if (diff > 0) {
    console.log("Your most recent birthday was ",diff," days ago. You turned ",age_this_year);
} else if (diff < 0) {
    console.log("Your next birthday is ",diff," days ago. You will turn ",age_this_year);
} else {
    console.log("It's your birthday! Happy birthday! You are ",age_this_year);
}

For the record, the following are the key functions for the date object you should have in your repertoire, assuming a date object called today:

Setting date/time values

  • today.setFullYear( 2018 );
  • today.setMonth( 0 ); - remember to subtract 1, so 0 = January
  • today.setDate( 1 );
  • today.setHours( 23 ); - 24 hour clock
  • today.setMinutes( 59 );
  • today.setSeconds( 59 );
  • today.setTime( 1561118400000 ); - milliseconds since 1/1/1970

Getting date/time values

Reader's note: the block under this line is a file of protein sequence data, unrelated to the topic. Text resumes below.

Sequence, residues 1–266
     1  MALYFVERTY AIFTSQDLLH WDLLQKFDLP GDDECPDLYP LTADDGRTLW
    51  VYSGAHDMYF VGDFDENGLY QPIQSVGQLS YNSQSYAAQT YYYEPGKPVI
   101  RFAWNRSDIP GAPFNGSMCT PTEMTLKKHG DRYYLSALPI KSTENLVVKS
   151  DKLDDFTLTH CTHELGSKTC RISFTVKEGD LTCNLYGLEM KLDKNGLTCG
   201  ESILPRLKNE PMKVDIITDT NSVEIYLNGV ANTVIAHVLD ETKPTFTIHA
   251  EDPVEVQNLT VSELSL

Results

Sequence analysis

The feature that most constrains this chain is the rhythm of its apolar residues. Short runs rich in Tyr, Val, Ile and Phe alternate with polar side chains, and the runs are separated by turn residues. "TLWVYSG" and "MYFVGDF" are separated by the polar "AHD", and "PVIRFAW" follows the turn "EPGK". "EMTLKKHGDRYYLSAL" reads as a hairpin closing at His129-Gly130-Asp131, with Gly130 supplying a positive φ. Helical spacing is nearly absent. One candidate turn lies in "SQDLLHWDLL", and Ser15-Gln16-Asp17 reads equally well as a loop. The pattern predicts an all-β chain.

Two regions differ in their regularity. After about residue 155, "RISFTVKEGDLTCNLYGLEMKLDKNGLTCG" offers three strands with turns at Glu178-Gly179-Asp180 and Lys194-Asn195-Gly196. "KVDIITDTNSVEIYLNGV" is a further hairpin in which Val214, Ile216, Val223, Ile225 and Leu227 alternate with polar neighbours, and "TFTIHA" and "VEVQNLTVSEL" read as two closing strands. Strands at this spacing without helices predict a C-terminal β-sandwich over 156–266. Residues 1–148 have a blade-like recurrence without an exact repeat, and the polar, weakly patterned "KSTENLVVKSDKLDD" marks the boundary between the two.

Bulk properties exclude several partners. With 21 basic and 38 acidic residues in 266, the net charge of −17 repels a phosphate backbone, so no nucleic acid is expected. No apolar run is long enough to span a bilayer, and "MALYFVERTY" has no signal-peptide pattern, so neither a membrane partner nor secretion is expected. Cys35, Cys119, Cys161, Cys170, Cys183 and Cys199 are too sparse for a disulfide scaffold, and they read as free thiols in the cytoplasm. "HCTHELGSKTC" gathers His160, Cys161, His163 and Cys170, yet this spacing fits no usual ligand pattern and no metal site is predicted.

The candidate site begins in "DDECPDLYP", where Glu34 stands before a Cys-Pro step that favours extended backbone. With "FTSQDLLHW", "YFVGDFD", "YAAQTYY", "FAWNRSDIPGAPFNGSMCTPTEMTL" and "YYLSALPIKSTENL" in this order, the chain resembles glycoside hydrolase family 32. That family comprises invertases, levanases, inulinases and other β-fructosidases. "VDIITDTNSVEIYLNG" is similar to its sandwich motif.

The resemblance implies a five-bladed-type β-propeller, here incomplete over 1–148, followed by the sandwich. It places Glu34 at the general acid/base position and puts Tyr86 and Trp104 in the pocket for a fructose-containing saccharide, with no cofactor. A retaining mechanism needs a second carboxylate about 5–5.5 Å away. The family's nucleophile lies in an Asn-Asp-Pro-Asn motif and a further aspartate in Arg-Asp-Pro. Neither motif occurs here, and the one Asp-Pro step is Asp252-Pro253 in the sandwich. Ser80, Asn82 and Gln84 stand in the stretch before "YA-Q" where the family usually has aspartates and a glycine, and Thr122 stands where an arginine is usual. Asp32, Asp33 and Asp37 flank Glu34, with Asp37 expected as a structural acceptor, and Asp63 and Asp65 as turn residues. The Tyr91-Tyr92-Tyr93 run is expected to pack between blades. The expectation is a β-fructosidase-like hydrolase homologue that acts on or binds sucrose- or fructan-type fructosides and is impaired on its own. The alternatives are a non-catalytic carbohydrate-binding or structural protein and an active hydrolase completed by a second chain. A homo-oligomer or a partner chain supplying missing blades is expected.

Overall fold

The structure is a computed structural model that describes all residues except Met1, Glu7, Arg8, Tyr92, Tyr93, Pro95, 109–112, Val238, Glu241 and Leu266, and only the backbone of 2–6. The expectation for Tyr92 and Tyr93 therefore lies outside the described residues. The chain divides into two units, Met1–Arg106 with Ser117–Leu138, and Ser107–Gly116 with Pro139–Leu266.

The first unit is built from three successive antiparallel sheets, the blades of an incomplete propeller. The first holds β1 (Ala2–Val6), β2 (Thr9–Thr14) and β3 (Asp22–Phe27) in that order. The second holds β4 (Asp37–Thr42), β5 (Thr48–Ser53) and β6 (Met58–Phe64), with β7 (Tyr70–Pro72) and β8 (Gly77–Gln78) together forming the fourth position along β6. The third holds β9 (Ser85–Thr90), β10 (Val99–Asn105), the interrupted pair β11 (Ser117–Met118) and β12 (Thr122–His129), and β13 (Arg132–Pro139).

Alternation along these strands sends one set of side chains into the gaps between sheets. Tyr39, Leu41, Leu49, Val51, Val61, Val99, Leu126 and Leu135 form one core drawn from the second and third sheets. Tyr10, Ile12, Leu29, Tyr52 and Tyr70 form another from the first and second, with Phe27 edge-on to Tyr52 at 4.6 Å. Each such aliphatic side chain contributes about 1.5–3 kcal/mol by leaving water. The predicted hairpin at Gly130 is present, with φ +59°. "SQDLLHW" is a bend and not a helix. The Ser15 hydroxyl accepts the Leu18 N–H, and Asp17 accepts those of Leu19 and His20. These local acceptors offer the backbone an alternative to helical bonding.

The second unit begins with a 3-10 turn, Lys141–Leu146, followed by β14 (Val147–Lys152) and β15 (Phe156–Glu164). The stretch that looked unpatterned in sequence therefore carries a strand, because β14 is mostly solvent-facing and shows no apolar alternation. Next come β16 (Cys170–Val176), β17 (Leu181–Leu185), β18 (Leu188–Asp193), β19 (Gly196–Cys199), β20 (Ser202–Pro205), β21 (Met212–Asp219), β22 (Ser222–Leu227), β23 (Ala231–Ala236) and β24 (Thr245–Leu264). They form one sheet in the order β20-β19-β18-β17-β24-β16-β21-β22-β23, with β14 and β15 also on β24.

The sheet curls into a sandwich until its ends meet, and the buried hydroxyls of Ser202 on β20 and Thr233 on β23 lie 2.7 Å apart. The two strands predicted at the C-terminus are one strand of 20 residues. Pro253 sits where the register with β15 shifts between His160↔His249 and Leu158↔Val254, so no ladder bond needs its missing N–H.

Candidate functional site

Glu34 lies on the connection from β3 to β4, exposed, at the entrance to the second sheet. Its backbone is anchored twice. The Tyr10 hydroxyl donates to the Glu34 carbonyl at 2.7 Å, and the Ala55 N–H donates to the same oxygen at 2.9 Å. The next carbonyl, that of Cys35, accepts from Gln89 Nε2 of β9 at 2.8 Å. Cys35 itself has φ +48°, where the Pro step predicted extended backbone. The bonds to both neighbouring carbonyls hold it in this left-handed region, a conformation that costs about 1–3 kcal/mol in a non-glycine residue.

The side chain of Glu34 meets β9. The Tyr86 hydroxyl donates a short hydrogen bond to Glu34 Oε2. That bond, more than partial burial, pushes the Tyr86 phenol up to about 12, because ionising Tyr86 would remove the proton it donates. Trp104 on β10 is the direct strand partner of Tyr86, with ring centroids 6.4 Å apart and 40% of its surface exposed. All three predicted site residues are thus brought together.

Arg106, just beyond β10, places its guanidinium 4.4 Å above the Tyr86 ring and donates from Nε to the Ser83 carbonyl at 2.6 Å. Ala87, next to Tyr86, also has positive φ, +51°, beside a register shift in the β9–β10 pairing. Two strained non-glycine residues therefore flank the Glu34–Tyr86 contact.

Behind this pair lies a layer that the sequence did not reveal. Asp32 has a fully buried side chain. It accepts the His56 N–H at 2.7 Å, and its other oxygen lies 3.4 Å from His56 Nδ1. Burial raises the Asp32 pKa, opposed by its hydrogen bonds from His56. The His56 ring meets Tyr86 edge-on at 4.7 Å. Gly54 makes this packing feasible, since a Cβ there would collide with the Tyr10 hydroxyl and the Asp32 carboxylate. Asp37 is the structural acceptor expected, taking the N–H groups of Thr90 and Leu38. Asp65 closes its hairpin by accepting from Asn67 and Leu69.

• let y = today.getFullYear();
  • let m = today.getMonth() + 1; - remember to add 1
  • let d = today.getDate();
  • let dayOfWeek = today.getDay();
  • let h = today.getHours();
  • let m = today.getMinutes();
  • let s = today.getSeconds();
  • let t = today.getTime(); - milliseconds since 1/1/1970
  • let tz = today.getTimezoneOffset(); - local timezone difference from UTC in number of minutes

Getting date/time strings

  • today.toDateString() - returns a string in the form of "Wed Jul 28 1993"
  • today.toISOString() - returns a string using offical ISO format eg "2011-10-05T14:48:00.000Z"
  • today.toLocaleDateString() - returns a date where the layout will vary depending on the local system (eg: mm/dd/yyyy for US, dd/mm/yyyy for UK)
  • today.toLocaleTimeString() - returns a time where the layout will vary depending on the local system